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Dada's Big Mama

Hannah Hoch was the archetypal New Woman among the male-dominated Berlin crowd. But as a new exhibition reveals, there was a quieter, traditional, feminine side to her work.

June 22, 1997|Leah Ollman | Leah Ollman is a frequent contributor to Calendar

"She was very uncomfortable with the aggressiveness of the Dadaists in general," Makela says, noting how Hoch herself agonized over the period in her autobiographical notes of 50 years later. "It was obviously a catalyst that lasted a lifetime."

Hoch had moved to Berlin in 1912 from the small town of Gotha, where her father worked as an insurance company official and her mother was an amateur painter. She enrolled in a school of applied arts and was an accomplished student of calligraphy, embroidery and book design. In 1916, she began working for Ullstein Verlag, the largest publishing empire in Germany at the time, turning out 19 newspapers and magazines as well as books. Hoch worked for Ullstein's handicraft division, designing patterns for lacework and embroidered tablecloths, which were published in the company's magazines and sold throughout Germany.

Hoch defended needlework as an art of great expressive potential in articles published at the same time that she was also active in the radical Dada group, whose members clambered--loudly, if not convincingly--for a sexual as well as political revolution. Straddling both the traditional and avant-garde, Hoch epitomized the composite nature of the New Woman.


Redefining gender roles was not just a theoretical or artistic exercise for Hoch, who followed her relationship with Hausmann with a nine-year lesbian relationship with Dutch writer Til Brugman. In 1935, she separated from Brugman after falling in love with a young German businessman, with whom she had a brief marriage.

Hoch's photomontages abound in images of fluid sexuality, or what writer Maud Lavin calls "gender oscillation"--same-sex couples mingle in coquettish flirtation, androgynous figures congeal out of both male and female body parts. In "Tamer" (circa 1930), muscular male arms cross over a sexually ambiguous torso topped by the head of a female mannequin. In another montage, Hoch used a widely recognizable photograph of an actress crossing genders to play the part of Hamlet, and in "Indian Dancer" (1930), she uses a picture of film star Renee (Maria) Falconetti playing Joan of Arc, recalling the moment in the popular 1928 film "Passion of Joan of Arc," directed by Carl-Theodor Dreyer, when the heroine is called upon to renounce her male clothing. In Hoch's image, Joan's crown of straw is replaced by a headdress of knives and spoons.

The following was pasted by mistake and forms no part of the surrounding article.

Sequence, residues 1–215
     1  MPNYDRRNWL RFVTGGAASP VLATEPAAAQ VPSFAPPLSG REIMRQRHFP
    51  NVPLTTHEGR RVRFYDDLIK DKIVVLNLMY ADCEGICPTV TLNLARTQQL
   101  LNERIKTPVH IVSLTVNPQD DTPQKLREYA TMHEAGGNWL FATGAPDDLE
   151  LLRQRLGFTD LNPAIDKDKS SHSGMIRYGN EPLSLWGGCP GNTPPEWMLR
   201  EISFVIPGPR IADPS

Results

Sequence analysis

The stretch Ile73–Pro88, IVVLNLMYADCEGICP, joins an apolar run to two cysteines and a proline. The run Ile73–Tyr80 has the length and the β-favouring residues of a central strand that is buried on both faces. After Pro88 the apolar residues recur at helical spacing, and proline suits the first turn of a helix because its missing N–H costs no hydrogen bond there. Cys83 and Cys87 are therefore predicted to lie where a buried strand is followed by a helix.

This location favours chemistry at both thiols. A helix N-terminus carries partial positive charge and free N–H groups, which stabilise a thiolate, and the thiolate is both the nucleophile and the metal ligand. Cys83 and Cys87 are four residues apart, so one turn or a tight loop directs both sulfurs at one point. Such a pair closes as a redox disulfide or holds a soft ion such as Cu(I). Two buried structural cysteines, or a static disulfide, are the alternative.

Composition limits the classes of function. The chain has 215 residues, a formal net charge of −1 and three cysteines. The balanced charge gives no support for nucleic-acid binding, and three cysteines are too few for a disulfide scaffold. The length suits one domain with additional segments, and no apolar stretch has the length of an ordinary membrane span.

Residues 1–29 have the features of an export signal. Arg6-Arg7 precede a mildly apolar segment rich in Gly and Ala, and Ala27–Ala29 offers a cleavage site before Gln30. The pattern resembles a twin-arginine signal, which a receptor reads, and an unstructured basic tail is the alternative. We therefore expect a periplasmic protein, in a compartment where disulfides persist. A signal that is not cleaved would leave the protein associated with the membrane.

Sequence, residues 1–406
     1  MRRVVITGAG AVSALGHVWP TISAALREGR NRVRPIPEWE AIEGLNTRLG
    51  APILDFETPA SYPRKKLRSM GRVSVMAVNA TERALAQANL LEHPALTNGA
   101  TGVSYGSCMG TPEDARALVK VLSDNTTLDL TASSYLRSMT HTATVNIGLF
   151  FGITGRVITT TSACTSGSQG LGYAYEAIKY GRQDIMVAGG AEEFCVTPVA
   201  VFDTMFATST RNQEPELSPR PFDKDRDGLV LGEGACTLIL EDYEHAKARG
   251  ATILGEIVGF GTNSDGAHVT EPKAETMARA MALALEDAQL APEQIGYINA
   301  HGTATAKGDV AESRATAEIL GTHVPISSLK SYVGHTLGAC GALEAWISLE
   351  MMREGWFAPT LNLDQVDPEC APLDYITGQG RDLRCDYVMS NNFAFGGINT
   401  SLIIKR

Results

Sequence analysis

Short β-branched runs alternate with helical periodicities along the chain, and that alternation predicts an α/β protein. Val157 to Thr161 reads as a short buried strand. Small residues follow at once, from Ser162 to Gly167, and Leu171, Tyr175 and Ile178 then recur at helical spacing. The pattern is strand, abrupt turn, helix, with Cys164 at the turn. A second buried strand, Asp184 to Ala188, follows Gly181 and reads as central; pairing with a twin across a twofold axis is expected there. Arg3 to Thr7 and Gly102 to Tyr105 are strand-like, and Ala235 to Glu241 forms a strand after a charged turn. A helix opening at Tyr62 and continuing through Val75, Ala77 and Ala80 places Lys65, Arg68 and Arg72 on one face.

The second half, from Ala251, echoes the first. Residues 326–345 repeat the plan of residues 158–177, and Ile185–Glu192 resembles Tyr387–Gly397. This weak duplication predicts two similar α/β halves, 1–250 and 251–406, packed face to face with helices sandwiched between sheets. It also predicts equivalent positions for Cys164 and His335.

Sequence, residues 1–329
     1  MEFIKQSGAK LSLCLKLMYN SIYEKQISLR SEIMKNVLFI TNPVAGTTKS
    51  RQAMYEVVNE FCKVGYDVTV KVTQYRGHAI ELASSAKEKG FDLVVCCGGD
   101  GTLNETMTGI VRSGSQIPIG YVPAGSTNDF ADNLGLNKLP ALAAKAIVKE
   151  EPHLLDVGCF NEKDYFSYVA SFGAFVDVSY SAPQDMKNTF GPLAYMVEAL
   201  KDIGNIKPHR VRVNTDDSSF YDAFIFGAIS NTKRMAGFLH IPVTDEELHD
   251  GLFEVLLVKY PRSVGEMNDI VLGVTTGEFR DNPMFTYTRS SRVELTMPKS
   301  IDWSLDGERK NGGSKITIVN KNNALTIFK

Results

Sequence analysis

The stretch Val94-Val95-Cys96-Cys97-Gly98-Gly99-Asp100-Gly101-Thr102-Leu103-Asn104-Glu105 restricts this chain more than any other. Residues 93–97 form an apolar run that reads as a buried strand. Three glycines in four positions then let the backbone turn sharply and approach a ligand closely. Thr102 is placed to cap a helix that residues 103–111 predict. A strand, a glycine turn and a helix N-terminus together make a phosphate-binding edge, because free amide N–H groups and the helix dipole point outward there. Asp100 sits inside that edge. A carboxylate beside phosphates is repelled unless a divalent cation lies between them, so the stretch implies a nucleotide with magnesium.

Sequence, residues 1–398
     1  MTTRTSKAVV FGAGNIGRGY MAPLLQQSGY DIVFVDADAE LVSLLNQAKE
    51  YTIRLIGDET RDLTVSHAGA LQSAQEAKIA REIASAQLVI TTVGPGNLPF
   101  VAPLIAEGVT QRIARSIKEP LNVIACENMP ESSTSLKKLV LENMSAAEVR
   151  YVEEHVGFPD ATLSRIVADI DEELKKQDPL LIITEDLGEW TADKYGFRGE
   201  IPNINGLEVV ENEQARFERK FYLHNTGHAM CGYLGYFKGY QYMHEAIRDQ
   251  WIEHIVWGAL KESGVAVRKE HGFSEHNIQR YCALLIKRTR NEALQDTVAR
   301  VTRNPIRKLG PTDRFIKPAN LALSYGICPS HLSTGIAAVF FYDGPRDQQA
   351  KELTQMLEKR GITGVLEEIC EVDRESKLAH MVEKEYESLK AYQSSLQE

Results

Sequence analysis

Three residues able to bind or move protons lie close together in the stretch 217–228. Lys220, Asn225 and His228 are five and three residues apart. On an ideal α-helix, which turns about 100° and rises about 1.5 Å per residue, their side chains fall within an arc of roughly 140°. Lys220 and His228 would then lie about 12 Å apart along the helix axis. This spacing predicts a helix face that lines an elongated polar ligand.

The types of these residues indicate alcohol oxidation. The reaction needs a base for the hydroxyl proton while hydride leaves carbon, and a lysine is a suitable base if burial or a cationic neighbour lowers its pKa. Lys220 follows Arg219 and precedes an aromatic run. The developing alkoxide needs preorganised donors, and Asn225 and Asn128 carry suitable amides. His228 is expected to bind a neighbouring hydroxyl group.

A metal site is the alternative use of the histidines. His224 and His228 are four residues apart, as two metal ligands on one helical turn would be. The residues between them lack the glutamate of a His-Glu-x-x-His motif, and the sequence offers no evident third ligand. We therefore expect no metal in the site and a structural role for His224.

Hoch's fascination with gender roles resonates with several artists working today, appropriationists who, as Makela puts it, similarly "use the mass media against itself." In Cindy Sherman's "Untitled Film Stills" of the late 1970s, for instance, the artist presents herself in the guise of various cliches that have circumscribed women's representation on film. As with Hoch's work, familiarity with the popular imagery that served as source material is a precondition to the artist's subversion, her probing and skewing of the stereotypes. Through film and the myriad new picture magazines, mass media emerged in Germany of the '20s and '30s as a defining force in the society's construction of its own self-image. Seventy years later, that force has all but subsumed our other options.

Barbara Kruger, like Hoch before her, responds in her work to this ubiquity of the photographic image and its powerful, sometimes perverse influence on culture and its values. "More and more, people learn their visual literacy through TV and movies," she says. Her own collages mix pithy, pointed texts with recycled snippets of photographs from the mass media. Like Hoch, she too worked for a major publishing conglomerate (Conde Nast) as a young woman and sees herself as "100% influenced by that," rather than by fine art traditions. While Kruger's work is blunt and provocative, however, Hoch's remains elusive, open-ended and ambiguous.

Hoch's series "From an Ethnographic Museum" is a prime example of how difficult it is to pin down the works' meaning. In this series (circa 1924-30), Hoch wove together truncated images of men and women with reproductions of masks and other ritual objects from tribal cultures. Human eyes, mouths and legs contrast startlingly with the elegant carved wood forms, forming an edgy union between differing concepts of beauty. The montages were made in the wake of the Versailles Treaty, which dictated that Germany give up its colonies in Togo, Cameroon and parts of Samoa and New Guinea. The media at the time ran frequent commentaries on the unfairness of losing the colonies, and even in more avant-garde magazines like Die Querschnitt, articles on tribal cultures and objects assumed a condescending tone. Just how Hoch regarded the colonial issue is not obvious from the works themselves.

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